February 12: Standing up for NHS whistleblowers

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THE shocking report on NHS whistleblowers, and their shameful treatment, has even more resonance because it was produced by Sir Robert Francis QC – the man who also presided over the inquiry into the shameful mistreatment of patients in Mid Staffs.

His intrinsic knowledge of the National Health Service, and its shortcomings, is now forensic and it is to the credit of Jeremy Hunt, the Health Secretary, that he has accepted the need for a “change of culture” so staff do not live in fear if they speak out and highlight malpractice.

As patient dignity goes to the core of the work of all NHS medical practitioners – the aforementioned Mr Hunt recently described the challenge as “good care versus poor care” – it is deeply disturbing that some staff have contemplated taking their own lives after being bullied by colleagues.

Not only is this a poor reflection on the moral fibre of those who behaved so reprehensibly, and whose conduct and ethics have clearly fuelled a toxic culture of “defend, delay and denial”, but it is also symptomatic of those well-remunerated hospital and healthcare bosses who have not done enough to demand the highest standards of treatment at all times.

In this regard, it makes eminent sense for the Government to legislate in order to protect the interests of whistleblowers – it is regrettable that it has come to this – and the appointment of “freedom to speak up guardians” at hospitals should provide some reassurance to staff until the necessary laws have been passed.

It’s also important that Mr Hunt accepts one of the more sensible and logical points made by his Labour opposite number Andy Burnham and extends these new protocols to care homes – staff in this sector merit the same safeguards as those being applied to hospitals. and that this is essential if standards are to be raised.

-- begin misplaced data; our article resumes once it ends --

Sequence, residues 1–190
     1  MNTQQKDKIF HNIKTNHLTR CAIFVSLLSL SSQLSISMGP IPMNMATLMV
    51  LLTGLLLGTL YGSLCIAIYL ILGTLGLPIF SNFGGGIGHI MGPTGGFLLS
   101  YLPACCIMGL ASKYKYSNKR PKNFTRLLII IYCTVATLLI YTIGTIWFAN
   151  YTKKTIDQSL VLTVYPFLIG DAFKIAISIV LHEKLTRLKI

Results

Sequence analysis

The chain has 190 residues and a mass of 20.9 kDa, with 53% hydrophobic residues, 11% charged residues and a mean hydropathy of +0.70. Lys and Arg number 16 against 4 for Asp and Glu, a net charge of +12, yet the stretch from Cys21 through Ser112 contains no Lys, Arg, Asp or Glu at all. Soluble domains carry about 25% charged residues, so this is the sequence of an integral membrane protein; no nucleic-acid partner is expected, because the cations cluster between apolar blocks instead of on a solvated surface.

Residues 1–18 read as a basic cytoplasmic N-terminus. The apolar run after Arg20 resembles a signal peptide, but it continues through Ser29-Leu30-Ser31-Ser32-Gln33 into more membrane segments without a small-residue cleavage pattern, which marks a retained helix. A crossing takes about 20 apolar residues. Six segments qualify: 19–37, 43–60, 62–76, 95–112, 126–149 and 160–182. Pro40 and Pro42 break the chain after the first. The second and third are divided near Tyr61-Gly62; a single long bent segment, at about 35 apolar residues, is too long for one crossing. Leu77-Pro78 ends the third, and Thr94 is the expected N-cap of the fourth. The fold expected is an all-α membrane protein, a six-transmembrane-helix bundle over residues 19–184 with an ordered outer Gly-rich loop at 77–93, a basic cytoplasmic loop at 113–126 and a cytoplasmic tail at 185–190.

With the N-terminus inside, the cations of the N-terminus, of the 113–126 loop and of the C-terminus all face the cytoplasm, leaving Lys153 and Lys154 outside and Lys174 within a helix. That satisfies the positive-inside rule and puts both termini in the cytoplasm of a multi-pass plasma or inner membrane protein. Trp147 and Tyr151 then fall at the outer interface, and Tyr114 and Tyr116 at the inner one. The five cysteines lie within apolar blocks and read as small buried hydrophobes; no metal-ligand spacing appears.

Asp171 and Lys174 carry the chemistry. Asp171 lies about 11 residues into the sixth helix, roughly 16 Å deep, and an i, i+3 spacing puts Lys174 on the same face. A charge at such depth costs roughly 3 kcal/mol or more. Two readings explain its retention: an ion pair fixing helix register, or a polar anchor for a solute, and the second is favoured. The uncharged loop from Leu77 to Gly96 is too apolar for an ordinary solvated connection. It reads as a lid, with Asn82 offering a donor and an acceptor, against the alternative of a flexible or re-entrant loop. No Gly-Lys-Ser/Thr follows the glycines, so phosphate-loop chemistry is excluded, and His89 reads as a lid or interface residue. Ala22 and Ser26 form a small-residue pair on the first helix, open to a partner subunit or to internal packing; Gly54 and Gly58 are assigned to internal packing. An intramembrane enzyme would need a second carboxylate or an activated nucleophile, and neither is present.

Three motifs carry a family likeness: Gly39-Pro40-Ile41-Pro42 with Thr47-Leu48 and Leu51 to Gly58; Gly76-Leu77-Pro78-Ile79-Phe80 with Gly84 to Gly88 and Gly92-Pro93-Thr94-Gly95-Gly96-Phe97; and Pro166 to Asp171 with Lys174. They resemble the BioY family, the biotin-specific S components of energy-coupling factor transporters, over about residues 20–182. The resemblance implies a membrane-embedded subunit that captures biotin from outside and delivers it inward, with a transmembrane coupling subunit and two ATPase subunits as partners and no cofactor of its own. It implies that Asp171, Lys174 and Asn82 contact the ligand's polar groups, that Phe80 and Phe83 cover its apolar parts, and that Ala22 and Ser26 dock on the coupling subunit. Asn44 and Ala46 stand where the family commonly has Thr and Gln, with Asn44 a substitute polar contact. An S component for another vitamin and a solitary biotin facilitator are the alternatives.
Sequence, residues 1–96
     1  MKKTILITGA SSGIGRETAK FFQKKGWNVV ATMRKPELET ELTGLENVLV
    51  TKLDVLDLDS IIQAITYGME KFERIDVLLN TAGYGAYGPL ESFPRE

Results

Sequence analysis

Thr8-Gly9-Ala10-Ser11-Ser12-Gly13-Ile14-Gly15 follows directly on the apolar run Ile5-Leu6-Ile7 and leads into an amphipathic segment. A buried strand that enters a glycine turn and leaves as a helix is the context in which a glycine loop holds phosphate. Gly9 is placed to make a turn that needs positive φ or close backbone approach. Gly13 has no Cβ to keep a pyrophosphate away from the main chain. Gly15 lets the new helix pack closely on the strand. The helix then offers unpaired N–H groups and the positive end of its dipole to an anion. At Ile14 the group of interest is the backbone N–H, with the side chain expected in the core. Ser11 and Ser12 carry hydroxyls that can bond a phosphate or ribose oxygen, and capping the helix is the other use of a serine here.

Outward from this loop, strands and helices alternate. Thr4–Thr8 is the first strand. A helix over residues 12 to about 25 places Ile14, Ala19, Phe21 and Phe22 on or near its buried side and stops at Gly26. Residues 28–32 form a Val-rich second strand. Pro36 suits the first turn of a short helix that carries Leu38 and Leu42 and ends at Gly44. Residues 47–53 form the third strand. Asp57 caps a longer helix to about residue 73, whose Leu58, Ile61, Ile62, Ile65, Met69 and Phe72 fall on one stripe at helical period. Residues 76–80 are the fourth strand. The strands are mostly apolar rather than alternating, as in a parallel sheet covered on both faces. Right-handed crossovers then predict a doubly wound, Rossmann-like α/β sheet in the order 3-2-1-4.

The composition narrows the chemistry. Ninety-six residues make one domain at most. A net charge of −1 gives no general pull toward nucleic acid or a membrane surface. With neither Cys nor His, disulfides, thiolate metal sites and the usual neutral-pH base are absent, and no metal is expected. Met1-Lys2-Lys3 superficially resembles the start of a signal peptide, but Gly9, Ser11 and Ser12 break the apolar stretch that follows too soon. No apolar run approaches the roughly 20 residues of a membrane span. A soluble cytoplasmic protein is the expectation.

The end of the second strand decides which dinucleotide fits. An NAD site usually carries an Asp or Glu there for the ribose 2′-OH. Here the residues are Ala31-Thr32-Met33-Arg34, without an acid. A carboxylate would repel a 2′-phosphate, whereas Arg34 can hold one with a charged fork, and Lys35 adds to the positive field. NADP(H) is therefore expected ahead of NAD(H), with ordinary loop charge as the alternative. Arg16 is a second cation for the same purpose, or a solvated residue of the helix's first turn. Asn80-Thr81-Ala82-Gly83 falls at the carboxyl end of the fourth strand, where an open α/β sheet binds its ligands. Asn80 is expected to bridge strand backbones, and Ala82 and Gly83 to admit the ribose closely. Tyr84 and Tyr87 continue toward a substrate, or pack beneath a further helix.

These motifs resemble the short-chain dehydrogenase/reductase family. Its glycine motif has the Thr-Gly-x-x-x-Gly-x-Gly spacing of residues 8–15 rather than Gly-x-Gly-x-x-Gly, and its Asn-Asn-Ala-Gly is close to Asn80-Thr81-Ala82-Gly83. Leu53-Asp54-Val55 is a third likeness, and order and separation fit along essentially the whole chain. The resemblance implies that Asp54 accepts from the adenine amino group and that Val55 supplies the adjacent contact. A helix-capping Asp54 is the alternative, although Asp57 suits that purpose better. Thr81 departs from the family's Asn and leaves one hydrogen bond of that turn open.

A false economy

Ambulance service’s use of taxis

THE fact that Yorkshire’s ambulance service has long-standing management problems is well known. However, the revelation that thousands of private hire taxis are being drafted in to drive seriously-ill patients to the region’s hospitals heaps fresh embarrassment on the organisation and heightens concern over the manner in which it is being run.

The Yorkshire Post has learned that more than 2,100 private hire taxis responded to 999 emergency calls in the county last year, as opposed to just 20 in 2013. This is not merely a statistical quirk, the scale of the rise is clearly indicative of a fundamental shift in policy.

And, as with any change in healthcare procedure, the most pertinent question of all is whether this approach is beneficial to patients.

The answer to that must surely be in the negative. It is not simply minor cases that are being ferried to hospital by taxi but some of the most serious. As such, this conscious decision poses a number of elementary questions.

If it is for reasons of expediency, in as much that responders believe a taxi would reach the patient sooner than an ambulance, then the question must be why that is the case. For a Trust anxious to improve its dismal record on response times, this course of action is hardly surprising but it is one that neither provides a level of service that patients should expect, nor offers value for money given the cost of this practice, which has to be borne by taxpayers. As such, it is the very definition of a false economy and one that must again raise pressing concerns about the region’s ambulance service. Today’s revelations are, after all, hardly likely to inspire confidence.

Here we go again

Will politicians ever act on A64?

ONE of the few certainties at election time is that calls to improve the notorious A64 are as predictable as the traffic tailbacks in high summer on the route from Leeds to Scarborough and the East Coast. This year’s election is already true to form after an all-party group of Yorkshire MPs singled out this road for “urgent improvements” in their Devolution for Prosperity manifesto.

It should not be like this. If similar congestion levels had been experienced in the South, the Government – irrespective of whether the Tories or Labour were at the wheel – would have acted by now. And while Scarborough MP Robert Goodwill, the current Transport Minister, has brought forward the first major investment for 38 years, namely roundabout improvements near York, the stop-start rate of progress is so slow – despite promises of action from David Cameron and his predecessors – that the A64 will be a future election issue unless more substantial plans are given the green light. There must be no more delays.